Data analysis

From the 4,000 women randomly selected for this sub-study we excluded 52 women who had emigrated, were dead at the time the questionnaire was sent, or had a severe mental handicap. Altogether 2,400 women agreed to participate in the study and returned a completed questionnaire, giving a crude response rate of 60.0 % or a corrected response rate of 60.8%. Of these, 2,188 women reported at least one pregnancy lasting six months or more.

We further excluded 35 women due to a lack of information on the use of hormonal contraceptives and 75 women who did not answer the question about pelvic pain. Thus, 2,078 women were included in the final analysis presented here.

We registered twin pregnancies as one pregnancy. We classified hormonal contraceptives in two ways. Firstly, all hormonal contraceptives – regardless of the mode of administration (oral or injectable), and hormonal content (combined estrogen-progestin contraceptives, and medroxyprogesterone acetate only pills or injections) – were considered together. Secondly, we classified contraceptives according to the hormonal content as progestin-only contraceptives, and combined estrogen-progestin contraceptives. We classified women as having used hormonal contraceptives before the first pregnancy, before second pregnancy (regardless if the use was only before first pregnancy, both before first pregnancy and between first and second pregnancy, or only between first and second pregnancy) and before third pregnancy (as for the second pregnancy, but also including women using contraceptives between the second and third pregnancies).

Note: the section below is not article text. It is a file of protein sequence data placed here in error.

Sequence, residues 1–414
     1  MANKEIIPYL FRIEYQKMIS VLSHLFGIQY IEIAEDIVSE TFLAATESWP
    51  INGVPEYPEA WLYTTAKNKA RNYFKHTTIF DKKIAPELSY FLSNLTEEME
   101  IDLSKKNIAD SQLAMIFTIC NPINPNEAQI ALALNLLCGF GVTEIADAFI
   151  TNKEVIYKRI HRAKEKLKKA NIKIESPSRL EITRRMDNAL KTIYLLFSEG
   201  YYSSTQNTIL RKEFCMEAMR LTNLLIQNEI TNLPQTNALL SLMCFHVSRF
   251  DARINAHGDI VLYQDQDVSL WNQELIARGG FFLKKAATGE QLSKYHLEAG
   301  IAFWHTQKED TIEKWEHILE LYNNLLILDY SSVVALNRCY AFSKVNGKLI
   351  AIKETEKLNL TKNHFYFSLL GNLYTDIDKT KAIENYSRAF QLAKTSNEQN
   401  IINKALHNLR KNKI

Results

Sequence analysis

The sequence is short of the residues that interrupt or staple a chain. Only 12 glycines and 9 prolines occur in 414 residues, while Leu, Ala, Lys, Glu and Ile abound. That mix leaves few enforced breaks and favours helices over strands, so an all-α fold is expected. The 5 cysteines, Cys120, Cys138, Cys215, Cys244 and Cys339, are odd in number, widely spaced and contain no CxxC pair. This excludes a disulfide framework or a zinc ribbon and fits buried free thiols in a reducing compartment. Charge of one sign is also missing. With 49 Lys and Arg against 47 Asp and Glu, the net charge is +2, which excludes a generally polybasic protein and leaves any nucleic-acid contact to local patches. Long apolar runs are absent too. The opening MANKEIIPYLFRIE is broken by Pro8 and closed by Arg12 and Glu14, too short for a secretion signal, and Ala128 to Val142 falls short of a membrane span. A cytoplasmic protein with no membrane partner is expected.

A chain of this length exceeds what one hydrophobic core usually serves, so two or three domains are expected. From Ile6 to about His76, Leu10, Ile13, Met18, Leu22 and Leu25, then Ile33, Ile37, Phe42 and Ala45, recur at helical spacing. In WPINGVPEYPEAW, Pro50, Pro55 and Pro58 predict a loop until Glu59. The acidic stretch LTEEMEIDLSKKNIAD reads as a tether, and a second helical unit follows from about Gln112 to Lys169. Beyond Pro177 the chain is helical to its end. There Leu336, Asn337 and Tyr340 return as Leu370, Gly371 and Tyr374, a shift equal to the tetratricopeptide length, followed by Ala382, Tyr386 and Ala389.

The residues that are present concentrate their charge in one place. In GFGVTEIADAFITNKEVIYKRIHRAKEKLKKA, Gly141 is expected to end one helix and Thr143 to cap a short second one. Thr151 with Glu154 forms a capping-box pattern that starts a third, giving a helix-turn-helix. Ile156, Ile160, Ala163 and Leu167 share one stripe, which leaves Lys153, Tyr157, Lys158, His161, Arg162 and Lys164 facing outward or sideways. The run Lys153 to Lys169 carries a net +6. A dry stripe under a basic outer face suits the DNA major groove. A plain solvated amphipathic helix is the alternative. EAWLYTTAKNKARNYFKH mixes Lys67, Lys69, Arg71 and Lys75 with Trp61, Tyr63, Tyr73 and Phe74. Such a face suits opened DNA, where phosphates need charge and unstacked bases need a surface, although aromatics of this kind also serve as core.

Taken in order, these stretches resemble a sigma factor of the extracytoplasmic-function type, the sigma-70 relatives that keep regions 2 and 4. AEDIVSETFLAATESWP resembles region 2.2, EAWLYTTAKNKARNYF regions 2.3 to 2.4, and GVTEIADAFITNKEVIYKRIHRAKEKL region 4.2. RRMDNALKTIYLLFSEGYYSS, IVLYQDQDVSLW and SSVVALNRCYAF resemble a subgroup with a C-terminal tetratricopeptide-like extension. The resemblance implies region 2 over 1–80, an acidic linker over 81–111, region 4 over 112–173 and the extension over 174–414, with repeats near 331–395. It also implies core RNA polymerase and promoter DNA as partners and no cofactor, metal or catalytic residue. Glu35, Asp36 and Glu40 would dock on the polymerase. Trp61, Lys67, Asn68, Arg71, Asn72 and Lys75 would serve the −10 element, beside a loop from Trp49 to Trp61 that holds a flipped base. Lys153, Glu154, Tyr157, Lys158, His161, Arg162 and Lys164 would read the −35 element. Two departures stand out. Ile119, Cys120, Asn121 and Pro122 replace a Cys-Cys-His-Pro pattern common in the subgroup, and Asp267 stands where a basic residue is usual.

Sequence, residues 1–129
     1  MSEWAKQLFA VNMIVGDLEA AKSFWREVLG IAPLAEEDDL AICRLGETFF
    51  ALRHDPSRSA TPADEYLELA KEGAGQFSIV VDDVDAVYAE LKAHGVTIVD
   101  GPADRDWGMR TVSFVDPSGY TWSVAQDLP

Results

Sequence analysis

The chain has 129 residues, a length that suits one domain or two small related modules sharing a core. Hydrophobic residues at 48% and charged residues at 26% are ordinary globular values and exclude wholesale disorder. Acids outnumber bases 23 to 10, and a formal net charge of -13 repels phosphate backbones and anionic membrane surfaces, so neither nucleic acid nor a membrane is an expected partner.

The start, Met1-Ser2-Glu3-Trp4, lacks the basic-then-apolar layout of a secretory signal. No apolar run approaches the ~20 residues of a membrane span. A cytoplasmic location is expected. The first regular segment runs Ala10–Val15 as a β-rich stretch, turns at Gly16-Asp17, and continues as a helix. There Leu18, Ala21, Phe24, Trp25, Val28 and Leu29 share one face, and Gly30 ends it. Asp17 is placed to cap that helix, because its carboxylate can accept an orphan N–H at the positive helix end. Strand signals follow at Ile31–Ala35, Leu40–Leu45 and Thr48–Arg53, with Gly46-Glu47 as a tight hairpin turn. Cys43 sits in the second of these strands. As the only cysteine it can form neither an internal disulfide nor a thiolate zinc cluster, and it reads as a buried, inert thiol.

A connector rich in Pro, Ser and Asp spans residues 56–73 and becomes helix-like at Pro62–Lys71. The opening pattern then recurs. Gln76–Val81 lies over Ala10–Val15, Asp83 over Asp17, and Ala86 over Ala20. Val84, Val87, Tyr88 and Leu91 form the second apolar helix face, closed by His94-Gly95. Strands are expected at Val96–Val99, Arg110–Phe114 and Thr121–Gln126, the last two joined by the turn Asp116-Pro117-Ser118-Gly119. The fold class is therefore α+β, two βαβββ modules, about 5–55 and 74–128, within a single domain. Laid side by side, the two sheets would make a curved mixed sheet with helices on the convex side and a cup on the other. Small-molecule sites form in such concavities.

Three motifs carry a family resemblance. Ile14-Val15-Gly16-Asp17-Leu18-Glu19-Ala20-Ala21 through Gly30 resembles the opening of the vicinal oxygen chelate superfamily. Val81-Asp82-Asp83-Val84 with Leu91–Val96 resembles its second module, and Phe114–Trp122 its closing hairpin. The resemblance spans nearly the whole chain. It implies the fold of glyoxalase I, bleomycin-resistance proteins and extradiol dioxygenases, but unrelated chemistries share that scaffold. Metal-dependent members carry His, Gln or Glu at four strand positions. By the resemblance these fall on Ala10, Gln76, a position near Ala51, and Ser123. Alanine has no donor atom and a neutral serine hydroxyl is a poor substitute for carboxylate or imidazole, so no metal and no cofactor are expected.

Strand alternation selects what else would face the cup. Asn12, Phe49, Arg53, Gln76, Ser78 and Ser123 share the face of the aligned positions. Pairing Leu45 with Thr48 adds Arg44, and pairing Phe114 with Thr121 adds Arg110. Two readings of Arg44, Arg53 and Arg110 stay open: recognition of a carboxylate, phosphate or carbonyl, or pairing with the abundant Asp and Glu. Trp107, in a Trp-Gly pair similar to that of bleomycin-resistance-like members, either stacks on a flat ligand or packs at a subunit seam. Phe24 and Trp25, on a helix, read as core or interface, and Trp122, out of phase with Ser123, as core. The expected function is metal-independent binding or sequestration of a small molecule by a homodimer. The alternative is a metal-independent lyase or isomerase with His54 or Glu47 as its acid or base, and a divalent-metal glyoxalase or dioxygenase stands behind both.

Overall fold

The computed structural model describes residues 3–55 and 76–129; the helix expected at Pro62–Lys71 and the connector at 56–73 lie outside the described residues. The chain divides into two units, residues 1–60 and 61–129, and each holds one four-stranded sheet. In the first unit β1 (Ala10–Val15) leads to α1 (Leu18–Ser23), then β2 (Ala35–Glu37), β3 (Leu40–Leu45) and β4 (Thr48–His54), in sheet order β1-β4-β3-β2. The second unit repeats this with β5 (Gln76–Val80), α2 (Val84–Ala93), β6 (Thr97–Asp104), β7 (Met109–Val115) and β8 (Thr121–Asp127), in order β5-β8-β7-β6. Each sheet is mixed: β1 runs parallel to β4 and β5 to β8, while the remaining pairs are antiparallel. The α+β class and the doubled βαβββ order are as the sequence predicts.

The statistical analyses were performed using the SAS statistical package version 8.12. Logistic regression was used for the estimation prevalence of odds ratios (OR) with 95% confidence intervals (CI). Analyses were done separately for each of the three first pregnancies.

In the multivariate analysis, besides use of hormonal contraceptives before each relevant pregnancy, we included in the models the following co-variables hypothesized to be associated with pregnancy-related pelvic pain: time elapsed since relevant birth, weight of the newborn in each relevant pregnancy and age at menarche. In the analysis of pelvic pain in the first pregnancy we also included indicator variables for potential risk factors in the multivariate regression models, namely education, height of the mother and smoking habits during the first pregnancy. However, since they did not affect the risk estimates meaningfully, they were excluded in the multivariate analysis of the second and third pregnancies.

For the analysis of the second and third pregnancies we considered the occurrence of pelvic pain in the previous pregnancy as potential determinants of pelvic pain in the following pregnancy.


Characteristics of the study participants